When I graduated from college back in May, I expected that it might take me a little while to find a job. The national unemployment rate was (and remains) 9%. Entry-level jobs for liberal arts grads were in high demand, and I knew that I'd be competing against a slew of highly qualified recent graduates.
What I didn't expect, however, was for it to take me 5 1/2 months to find a job.
On October 20th, I was driving home on the highway after some errands when I finally got the phone call I had been waiting for. I somehow managed to avoid running off the road while the HR guy ran through the details of my job offer from one of the country's major environmental non-profits. I was offered a development assistant position in their New York City office, focusing on foundation relations. Not only was this was the exact job function I had been aiming for, but it was in the field I had spent 4 years studying in undergrad. The required move to NYC stirred up mixed feelings (a topic for another post) but I reminded myself that I always said I would only live in the city for the most ideal of jobs. And this was pretty much perfect. I accepted without hesitation.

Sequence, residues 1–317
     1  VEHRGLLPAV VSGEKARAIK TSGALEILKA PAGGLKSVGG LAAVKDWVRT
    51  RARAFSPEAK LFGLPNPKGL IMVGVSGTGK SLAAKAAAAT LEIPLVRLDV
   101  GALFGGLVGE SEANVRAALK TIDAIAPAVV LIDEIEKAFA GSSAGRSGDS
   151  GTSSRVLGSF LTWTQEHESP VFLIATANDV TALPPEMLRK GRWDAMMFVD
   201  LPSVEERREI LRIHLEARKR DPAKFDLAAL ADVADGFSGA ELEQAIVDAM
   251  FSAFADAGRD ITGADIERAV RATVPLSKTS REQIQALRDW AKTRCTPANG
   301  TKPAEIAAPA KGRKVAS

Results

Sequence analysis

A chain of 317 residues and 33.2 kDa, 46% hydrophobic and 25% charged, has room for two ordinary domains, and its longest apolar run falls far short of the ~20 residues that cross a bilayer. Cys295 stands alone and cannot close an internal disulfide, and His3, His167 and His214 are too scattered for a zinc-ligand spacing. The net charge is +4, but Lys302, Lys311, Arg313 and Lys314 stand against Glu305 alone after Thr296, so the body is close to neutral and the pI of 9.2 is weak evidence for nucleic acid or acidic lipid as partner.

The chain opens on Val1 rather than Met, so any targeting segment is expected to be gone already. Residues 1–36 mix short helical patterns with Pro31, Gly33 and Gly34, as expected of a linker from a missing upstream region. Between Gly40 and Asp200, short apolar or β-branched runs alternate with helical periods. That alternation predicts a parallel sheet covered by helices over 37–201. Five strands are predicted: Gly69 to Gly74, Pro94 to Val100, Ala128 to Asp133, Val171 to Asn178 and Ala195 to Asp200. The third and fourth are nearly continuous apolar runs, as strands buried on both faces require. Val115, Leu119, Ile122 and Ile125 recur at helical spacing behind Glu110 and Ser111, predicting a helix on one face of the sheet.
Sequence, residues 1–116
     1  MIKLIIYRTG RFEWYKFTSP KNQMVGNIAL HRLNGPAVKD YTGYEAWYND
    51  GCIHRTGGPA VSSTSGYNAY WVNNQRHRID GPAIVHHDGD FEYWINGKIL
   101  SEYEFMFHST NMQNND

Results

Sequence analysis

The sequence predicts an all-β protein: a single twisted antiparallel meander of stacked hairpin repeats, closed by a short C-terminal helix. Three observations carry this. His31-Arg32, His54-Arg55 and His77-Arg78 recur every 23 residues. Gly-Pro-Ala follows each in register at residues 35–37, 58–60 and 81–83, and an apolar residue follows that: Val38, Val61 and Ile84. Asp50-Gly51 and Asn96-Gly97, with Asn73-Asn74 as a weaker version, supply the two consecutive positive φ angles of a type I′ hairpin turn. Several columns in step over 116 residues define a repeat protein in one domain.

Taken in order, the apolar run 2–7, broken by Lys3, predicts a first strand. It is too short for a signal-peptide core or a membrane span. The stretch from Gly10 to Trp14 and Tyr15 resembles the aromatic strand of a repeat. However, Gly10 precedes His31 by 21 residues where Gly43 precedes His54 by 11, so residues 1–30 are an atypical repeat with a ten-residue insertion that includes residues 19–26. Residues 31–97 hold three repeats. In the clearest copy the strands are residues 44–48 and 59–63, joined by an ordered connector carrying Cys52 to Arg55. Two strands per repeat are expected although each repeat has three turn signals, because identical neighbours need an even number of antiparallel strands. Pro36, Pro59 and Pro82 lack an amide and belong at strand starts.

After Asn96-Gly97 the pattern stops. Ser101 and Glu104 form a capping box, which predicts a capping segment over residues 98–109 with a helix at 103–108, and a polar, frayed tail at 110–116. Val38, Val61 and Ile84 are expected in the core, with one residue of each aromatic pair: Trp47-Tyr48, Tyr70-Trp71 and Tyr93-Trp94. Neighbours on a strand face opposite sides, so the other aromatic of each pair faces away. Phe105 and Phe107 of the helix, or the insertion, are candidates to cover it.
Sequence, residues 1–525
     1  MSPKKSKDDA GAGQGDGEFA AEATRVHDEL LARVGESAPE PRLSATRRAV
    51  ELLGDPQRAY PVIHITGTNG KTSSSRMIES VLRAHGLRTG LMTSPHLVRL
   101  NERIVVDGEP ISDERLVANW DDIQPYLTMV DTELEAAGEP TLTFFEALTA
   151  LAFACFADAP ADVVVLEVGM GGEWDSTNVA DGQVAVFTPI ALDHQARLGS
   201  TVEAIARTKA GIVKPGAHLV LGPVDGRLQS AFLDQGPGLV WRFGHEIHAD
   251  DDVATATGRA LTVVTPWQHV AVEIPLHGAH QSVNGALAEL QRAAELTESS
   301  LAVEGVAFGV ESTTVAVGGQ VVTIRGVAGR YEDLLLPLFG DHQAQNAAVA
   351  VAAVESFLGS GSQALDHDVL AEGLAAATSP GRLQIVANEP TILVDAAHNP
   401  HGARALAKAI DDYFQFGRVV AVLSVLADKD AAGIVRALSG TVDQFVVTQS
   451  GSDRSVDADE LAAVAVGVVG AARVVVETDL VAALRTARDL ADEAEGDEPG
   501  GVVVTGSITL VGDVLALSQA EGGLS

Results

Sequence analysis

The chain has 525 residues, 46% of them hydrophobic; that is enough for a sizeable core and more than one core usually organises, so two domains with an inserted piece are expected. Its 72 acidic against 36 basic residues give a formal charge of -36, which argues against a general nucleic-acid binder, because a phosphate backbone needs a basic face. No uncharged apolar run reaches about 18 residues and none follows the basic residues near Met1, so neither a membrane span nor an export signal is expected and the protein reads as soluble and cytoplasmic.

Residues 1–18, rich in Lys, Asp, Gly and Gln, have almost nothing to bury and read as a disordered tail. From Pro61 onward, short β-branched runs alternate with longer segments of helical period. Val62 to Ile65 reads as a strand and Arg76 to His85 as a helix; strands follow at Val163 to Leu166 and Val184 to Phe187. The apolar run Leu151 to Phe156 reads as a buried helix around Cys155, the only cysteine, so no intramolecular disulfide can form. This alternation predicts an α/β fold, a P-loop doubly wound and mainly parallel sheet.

In processing this complete 180 of life's course, two emotions dominated: relief, and gratitude. Relief that the anxiety-provoking job search had finally come to an end and gratitude for everyone that helped me get there. At the risk of sounding like I'm giving an Oscar acceptance speech, I am immensely grateful to the family, friends, and friends-of-family and friends who supported me, encouraged me, maintained their faith in me, invited me to distracting social events, sent job leads my way, worked the crap out of their networks to connect me with job leads, listened when I wanted to unload a rant on them, and mercifully avoided the topic when I didn't want to talk about it. In particular, I am endlessly grateful to the person whose connection opened the door to this job for me.
So now I live in Manhattan. My first day of work was today, Halloween. It was a whirlwind of introductions, HR orientations, and filing to familiarize myself with the 100+ foundation grants this non-profit receives every year. I have a lot to learn in these next few months, but I couldn't be happier about it. Real life, commence. I'm ready for you.